The office of the Associated Students of the University of New Mexico, tucked behind the stairs on the lower level of the Student Union Building, has been bustling with energy as new President Noah Brooks and Vice President Sally Midani gear up for a busy semester.

First and foremost, the administration is looking to follow through on campaign promises.

To do so, the pair has three main goals: work with administration to get free student shuttles to and from home games, continue to streamline advisement and work to prevent sexual assault on campus.



While the new Lobo Achieve website was implemented over the summer, the other objectives still require attention.

When it comes to addressing sexual assault, Brooks has big ambitions.

“Hopefully one day there will be no sexual assault anywhere,” Brooks said.

In the near future, ASUNM hopes to sponsor one sexual assault prevention event each month, Brooks said. The goal for the 2017–2018 year is to create a campus climate where students feel comfortable reporting and talking about sexual assault.

As for shuttles, Brooks said he and his team have had meetings with Parking and Transportation Services during the break. He hopes giving students more access to games will increase school pride and boost enrollment.

However, boosting enrollment may be hard to accomplish.

Enrollment in New Mexico’s public postsecondary institutions has dropped 14 percent over the last six years, according to state Higher Education Department data.

And with a diminished Lottery Scholarship — which was cut 30 percent after the New Mexico Legislature approved decreased funding — the trend of shrinking enrollment could continue.

The news that Lottery Scholarship recipients would have to cover more out-of-pocket costs came roughly a month after the new ASUNM administration was installed.

In a campus-wide email earlier this year, Brooks urged students to contact their representatives and ask that they “keep the hardworking students of New Mexico in mind” during the special legislative session held this summer.

The following week, the scholarship fund was cut.

The administration was dealt another blow after the UNM Board of Regents chose to implement student fee increases and course premiums despite urgings from Brooks not to raise the cost of attendance.

Now that the fall semester is starting, the executive branch of ASUNM — consisting of Brooks, Midani, their staff and other agencies — will have the help of the legislative branch.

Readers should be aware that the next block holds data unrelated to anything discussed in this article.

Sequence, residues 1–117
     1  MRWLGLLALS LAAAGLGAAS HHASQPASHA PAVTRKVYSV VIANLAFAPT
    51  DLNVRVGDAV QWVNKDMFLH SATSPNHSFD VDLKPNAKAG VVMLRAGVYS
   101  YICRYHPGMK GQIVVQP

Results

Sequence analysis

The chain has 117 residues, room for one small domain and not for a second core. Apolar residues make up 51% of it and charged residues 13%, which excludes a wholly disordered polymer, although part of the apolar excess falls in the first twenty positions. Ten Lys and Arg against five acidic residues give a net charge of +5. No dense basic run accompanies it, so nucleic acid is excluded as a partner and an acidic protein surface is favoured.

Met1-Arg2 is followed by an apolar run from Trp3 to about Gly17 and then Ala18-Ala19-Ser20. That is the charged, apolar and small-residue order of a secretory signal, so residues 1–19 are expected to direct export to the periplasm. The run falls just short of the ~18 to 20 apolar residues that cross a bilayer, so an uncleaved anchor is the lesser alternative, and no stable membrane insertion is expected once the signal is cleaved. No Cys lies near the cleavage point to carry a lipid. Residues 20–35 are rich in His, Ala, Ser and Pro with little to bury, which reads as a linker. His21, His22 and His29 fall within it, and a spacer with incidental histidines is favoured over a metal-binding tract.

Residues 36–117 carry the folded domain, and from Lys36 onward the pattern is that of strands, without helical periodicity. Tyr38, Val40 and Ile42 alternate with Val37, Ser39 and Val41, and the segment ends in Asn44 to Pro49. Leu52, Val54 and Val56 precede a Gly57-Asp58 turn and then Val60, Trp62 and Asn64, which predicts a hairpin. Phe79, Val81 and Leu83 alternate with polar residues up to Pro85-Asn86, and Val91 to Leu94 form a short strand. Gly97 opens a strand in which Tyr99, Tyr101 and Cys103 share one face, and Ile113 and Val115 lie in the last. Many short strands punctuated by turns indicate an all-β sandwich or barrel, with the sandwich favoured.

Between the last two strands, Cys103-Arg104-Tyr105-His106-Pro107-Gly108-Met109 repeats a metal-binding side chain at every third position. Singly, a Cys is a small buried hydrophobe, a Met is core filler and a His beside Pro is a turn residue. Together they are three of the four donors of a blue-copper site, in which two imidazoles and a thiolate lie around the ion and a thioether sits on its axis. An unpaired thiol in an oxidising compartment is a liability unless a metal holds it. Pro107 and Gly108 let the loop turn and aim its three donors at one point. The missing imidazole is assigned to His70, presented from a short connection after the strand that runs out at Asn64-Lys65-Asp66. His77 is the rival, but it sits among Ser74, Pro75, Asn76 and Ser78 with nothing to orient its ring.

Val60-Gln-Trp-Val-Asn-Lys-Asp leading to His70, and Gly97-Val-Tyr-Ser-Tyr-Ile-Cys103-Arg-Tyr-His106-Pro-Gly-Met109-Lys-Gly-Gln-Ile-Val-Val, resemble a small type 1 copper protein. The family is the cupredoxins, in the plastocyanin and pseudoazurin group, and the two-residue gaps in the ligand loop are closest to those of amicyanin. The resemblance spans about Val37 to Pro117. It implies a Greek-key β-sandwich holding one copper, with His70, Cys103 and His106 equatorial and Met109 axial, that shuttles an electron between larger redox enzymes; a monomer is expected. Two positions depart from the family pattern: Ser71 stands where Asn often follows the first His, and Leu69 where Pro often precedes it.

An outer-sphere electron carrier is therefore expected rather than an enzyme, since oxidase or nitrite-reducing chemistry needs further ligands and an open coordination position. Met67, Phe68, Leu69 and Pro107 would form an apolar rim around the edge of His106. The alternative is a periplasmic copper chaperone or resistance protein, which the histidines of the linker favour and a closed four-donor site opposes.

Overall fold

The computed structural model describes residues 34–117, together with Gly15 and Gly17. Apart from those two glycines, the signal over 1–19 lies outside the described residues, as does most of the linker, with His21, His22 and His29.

The legislative branch, consisting of 20 student senators, writes bills amending the ASUNM constitution and resolutions, which express the sentiment of the Senate.

The Senate consists of three committees, each with five to seven senators. The Outreach and Appointments Committee handles Senate outreach and coordinates appointments; the Steering and Rules Committee reviews bills and resolutions before they go to the full Senate; and the Finance Committee oversees all appropriations.

Midani oversees the Senate and ensures meetings go according to procedure. As vice president, she has voting power only in the event of a split.

Meetings are weekly, with committee and full Senate meetings every other week. The first gathering will be a committee meeting on Wednesday, Aug. 23.

The Judicial Branch makes up the third and final branch of ASUNM. The ASUNM Chief Justice and all Associate Justices are appointed by Brooks and must be approved by the ASUNM Senate.

This year, Midani, who acts as a liaison between the executive office and legislative branch, wants to see the two branches collaborate. She also wants more focus on diversity.

“The most important goal (this year) is to bring in diversity,” she said. “Giving as many people on campus the resources they need to do what they want to is a big goal for me.”

Brooks would also like to see more diversity within ASUNM.

“There’s always the stigma that student government is from Greek life,” he said. To combat that, Brooks said the Elections Commission — which is staffed by the president — is working on implementing strategies to reach a greater student population.

Last year, 2,400 undergraduate students made it to the polls, the highest student turnout since the spring elections of 2014, the Commission reported.

Though the highest in recent years, the vote only brought out about 13 percent of all undergraduate students.

All undergraduate students are eligible to vote. Senate elections take place every semester, and presidential elections every academic year.

Brendon Gray is a news reporter for the Daily Lobo. He can be contacted at news@dailylobo.com or on Twitter @notgraybrendon.